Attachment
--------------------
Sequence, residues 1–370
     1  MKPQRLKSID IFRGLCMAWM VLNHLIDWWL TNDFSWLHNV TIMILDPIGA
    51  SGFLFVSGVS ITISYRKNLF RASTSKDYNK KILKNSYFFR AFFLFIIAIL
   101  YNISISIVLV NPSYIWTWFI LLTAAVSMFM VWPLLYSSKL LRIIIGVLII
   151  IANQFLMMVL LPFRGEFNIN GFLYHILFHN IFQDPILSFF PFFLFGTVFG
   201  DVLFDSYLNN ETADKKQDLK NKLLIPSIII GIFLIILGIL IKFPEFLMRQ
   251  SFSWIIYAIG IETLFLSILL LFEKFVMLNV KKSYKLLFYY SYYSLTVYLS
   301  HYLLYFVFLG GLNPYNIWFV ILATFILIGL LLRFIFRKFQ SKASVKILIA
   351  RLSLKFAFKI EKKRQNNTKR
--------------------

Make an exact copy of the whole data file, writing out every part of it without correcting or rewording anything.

Sequence, residues 1–370
     1  MKPQRLKSID IFRGLCMAWM VLNHLIDWWL TNDFSWLHNV TIMILDPIGA
    51  SGFLFVSGVS ITISYRKNLF RASTSKDYNK KILKNSYFFR AFFLFIIAIL
   101  YNISISIVLV NPSYIWTWFI LLTAAVSMFM VWPLLYSSKL LRIIIGVLII
   151  IANQFLMMVL LPFRGEFNIN GFLYHILFHN IFQDPILSFF PFFLFGTVFG
   201  DVLFDSYLNN ETADKKQDLK NKLLIPSIII GIFLIILGIL IKFPEFLMRQ
   251  SFSWIIYAIG IETLFLSILL LFEKFVMLNV KKSYKLLFYY SYYSLTVYLS
   301  HYLLYFVFLG GLNPYNIWFV ILATFILIGL LLRFIFRKFQ SKASVKILIA
   351  RLSLKFAFKI EKKRQNNTKR